Title

The truth undressed : the complex relationship between government legislation, Renaissance literature, and women's writings in late Tudor England.

Date of Award

5-1-2014

Document Type

Thesis

School

College of Liberal Arts

Degree Name

Bachelor in Arts

Abstract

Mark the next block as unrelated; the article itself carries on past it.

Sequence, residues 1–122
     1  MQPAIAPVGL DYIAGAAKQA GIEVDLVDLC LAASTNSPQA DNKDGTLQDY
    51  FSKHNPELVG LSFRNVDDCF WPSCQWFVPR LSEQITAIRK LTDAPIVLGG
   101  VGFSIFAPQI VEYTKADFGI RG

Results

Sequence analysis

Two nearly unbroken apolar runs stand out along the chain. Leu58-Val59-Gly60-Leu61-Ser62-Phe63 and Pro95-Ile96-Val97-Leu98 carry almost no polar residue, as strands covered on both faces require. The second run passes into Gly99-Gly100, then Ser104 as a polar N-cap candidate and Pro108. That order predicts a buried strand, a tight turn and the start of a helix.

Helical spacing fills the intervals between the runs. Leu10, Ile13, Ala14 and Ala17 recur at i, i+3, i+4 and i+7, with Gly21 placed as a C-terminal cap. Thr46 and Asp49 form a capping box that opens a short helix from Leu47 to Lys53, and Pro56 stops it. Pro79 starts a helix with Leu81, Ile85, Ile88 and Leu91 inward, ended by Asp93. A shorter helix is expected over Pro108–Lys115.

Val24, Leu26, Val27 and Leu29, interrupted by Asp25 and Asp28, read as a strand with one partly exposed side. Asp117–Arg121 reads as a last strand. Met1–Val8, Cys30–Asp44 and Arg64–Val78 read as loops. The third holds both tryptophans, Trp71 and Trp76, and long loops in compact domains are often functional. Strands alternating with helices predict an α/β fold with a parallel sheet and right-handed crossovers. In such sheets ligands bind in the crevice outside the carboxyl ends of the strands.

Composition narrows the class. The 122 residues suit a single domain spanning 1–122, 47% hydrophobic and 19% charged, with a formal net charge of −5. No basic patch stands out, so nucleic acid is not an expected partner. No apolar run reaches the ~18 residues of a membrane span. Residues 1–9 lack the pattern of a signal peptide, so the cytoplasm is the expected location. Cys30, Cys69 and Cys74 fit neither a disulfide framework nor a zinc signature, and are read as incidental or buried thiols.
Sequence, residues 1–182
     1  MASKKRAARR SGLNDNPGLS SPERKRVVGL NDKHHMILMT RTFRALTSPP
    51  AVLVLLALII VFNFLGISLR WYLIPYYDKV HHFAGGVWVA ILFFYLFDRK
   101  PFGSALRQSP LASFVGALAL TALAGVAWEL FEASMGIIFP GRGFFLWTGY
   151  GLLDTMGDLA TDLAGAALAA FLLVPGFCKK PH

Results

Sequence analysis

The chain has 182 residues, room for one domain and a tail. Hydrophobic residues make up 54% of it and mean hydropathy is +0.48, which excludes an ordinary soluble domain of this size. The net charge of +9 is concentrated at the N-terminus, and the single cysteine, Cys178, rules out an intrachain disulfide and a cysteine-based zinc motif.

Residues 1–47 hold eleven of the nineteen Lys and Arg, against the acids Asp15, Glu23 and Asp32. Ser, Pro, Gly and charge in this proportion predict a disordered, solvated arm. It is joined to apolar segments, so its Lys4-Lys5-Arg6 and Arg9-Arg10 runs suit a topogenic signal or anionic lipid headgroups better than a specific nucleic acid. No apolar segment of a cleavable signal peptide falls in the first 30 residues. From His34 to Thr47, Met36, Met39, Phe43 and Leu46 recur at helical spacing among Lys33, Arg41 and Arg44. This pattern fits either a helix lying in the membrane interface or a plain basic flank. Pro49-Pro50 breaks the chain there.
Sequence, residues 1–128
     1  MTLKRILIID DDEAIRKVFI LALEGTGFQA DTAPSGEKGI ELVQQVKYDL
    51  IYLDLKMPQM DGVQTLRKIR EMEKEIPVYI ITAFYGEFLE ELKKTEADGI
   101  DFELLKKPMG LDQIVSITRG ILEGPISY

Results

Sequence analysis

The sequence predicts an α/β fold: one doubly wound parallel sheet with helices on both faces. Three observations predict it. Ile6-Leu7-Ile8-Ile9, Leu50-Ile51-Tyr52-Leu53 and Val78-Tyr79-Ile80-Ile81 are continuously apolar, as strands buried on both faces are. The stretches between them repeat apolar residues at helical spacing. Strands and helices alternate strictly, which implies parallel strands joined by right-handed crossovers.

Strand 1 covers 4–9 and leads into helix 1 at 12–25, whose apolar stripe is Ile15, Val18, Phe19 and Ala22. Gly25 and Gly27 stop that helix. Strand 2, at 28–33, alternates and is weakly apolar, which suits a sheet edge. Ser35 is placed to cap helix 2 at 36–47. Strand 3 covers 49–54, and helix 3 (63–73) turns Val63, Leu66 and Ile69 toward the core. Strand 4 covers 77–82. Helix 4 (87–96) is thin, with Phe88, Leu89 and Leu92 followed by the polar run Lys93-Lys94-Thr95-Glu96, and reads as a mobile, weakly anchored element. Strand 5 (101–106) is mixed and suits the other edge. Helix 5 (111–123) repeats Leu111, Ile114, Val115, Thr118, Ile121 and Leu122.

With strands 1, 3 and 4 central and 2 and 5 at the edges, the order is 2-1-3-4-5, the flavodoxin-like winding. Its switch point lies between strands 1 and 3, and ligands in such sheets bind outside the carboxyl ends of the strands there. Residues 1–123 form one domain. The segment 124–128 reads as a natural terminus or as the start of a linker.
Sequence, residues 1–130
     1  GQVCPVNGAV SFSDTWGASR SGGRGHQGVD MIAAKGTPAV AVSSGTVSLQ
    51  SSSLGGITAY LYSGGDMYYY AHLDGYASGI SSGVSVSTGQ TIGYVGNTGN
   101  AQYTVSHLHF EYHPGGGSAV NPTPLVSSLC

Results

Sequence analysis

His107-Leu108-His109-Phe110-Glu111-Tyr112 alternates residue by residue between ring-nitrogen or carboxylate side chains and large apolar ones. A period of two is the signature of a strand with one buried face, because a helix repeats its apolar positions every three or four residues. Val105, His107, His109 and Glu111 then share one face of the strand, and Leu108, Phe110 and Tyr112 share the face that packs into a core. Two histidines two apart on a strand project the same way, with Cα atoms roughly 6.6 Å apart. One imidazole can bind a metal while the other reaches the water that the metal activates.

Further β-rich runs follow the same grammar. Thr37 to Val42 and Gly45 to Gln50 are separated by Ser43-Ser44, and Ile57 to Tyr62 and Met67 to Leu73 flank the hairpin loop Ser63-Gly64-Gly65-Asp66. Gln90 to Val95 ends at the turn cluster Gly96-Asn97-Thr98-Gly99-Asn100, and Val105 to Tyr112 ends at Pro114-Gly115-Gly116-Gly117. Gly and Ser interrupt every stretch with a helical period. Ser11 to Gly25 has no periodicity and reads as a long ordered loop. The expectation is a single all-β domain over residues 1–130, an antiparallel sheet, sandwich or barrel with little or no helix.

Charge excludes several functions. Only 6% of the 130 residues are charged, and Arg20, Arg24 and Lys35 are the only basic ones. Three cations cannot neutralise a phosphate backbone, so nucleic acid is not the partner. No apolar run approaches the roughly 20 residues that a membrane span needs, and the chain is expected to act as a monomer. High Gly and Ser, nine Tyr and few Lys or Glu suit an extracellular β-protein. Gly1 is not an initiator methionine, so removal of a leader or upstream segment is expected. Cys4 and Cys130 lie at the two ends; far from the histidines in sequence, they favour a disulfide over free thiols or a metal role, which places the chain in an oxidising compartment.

The Truth Undressed: The Complex Relationship between Government Legislation, Renaissance Literature, and Women's Writings in late Tudor England explores the multiple ways womens clothing was used by government legislation, Renaissance literature, and womens writings. This thesis explains that monarchs, such as Elizabeth I, controlled clothing under sumptuary legislation and church homilies as a way to dissuade female power. On the other hand, aristocratic women used clothing to present their significance and power in Tudor society. While aristocratic women had power related to clothing, and government legislation tried to suppress that female dominance, Renaissance authors presented clothing to represent society and government legislation. Some Renaissance writers tried to cement clothing laws, while others gave their female characters some type of power. This thesis uncovers the many ways clothing was both a restriction and power for women in Tudor society. Furthermore, the relationship between literature, legislation, and domestic writing is complex, and reflective of one another. The Truth Undressed explains that the public sphere presented clothing as a male dictation, a protection, and an identity. In domestic writing, however, clothing was a way to assert power. This thesis explores the different ways clothing was presented in both public and private Tudor society.